Case of the Resurrected Detective: "The Empty House"
examination by experts leaves little doubt that a personal
contest between the two men ended, as it could hardly fail
to end in such a situation, in their reeling over, locked
in each other's arms."
By 1893, Arthur Conan Doyle
had written 24 stories and two novels about the great consulting
detective, Sherlock Holmes, and his chronicler, John Watson. Conan
Doyle's other works, while successful, did not approach the success
of the Holmes stories. Conan Doyle had long been tempted to kill
off his most famous character so that he, and the public, could
focus on what he considered to be his most important work.
Once "The Final Problem" had been printed and sold to an unsuspecting
public, Conan Doyle was shocked by the vehemence of the public reaction,
which included threats and abusive letters. "You Brute!" one letter
began. According to one possibly apocryphal story, a lady attacked
him with her umbrella when she met him in the street; another picketed
his house in protest. People wore black armbands as if a real celebrity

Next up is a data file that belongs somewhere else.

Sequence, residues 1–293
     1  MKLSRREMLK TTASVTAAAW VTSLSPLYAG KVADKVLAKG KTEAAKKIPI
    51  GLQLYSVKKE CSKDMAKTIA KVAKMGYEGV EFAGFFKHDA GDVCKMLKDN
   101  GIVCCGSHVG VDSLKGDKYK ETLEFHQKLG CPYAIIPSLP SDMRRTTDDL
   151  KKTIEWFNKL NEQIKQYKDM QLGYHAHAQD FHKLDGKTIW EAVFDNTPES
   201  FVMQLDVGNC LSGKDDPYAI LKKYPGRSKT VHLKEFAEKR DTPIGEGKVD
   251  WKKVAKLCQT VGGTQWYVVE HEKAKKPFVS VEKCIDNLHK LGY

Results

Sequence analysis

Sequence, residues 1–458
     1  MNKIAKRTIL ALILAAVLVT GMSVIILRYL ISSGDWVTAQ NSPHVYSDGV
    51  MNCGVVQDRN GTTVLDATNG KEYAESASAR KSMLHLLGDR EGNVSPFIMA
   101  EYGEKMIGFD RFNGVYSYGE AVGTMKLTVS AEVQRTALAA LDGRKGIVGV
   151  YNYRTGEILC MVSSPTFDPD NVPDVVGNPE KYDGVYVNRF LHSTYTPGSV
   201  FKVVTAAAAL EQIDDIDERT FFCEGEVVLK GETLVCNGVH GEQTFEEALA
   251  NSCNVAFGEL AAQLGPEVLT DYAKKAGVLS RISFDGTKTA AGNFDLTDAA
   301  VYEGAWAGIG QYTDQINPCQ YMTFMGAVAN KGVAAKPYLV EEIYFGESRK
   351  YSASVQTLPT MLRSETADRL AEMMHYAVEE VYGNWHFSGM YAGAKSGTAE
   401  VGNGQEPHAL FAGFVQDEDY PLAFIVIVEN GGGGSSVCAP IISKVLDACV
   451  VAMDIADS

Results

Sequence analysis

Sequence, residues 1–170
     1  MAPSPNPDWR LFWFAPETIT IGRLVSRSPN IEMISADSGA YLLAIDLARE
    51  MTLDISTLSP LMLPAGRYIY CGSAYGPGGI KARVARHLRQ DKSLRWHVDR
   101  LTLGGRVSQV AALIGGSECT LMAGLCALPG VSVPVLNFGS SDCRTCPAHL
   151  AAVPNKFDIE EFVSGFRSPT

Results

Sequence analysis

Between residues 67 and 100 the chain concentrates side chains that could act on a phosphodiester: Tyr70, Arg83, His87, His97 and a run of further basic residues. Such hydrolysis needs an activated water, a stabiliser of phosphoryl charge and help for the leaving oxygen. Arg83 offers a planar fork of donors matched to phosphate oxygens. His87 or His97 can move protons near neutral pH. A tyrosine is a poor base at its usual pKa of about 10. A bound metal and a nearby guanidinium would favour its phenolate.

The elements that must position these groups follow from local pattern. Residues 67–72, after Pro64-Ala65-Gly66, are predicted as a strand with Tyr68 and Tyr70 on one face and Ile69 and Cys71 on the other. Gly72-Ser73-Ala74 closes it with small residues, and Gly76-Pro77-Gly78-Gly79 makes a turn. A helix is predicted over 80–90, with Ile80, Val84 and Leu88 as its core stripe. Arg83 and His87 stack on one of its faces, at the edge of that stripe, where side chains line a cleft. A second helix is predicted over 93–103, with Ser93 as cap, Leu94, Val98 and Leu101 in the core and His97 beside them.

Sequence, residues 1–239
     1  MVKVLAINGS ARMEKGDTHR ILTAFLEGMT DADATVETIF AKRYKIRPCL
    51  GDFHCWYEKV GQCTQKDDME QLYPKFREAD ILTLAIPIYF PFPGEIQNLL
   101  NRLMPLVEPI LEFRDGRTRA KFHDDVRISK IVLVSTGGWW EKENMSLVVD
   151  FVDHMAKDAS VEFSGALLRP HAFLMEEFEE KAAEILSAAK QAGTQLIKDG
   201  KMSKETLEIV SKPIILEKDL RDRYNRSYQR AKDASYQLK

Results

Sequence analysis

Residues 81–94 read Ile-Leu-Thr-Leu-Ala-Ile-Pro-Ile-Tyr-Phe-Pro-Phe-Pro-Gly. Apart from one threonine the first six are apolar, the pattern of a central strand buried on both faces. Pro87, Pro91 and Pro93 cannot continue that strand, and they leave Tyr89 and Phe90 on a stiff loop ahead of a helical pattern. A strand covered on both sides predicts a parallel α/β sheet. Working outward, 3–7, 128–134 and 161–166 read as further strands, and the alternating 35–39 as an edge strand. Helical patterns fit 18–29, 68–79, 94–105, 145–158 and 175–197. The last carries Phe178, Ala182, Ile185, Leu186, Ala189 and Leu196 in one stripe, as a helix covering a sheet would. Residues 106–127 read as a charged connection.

had died. Apparently, Conan Doyle was the only one who took his
famous detective less than seriously, and he had his reasons.
During the year that preceded the December death of Holmes, Conan
Doyle's father had died, and his wife had been diagnosed with a
particularly virulent form of tuberculosis, and was only expected
to survive for a few months. "I have been much blamed for doing
[Holmes] to death," Conan Doyle said in a speech, "but I hold that
it was not murder, but justifiable homicide in self-defense, since,
if I had not killed him, he would certainly have killed me." During
a sojourn in the Swiss Alps with his wife at a sanatorium for tubercular
patients, Conan Doyle determined upon the method of Holmes's death.
As 1893 came to a close, Conan Doyle's wife Louise began the cure
that would allow her to live for 13 more years, while Sherlock Holmes
(apparently) died. "Killed Holmes," Conan Doyle wrote in his diary,
and went on with his life.
Conan Doyle was finally inspired to write The Hound of the Baskervilles
in 1901 and a series of Holmes stories for The Strand (beginning
in 1903 with "The Empty House") by an offer he could not refuse:
The Strand and the American magazine Colliers
offered him more money than he had ever been offered for his writing
before. Discovering Sherlock Holmes will begin with "The
Empty House" when our next series starts in early 2007.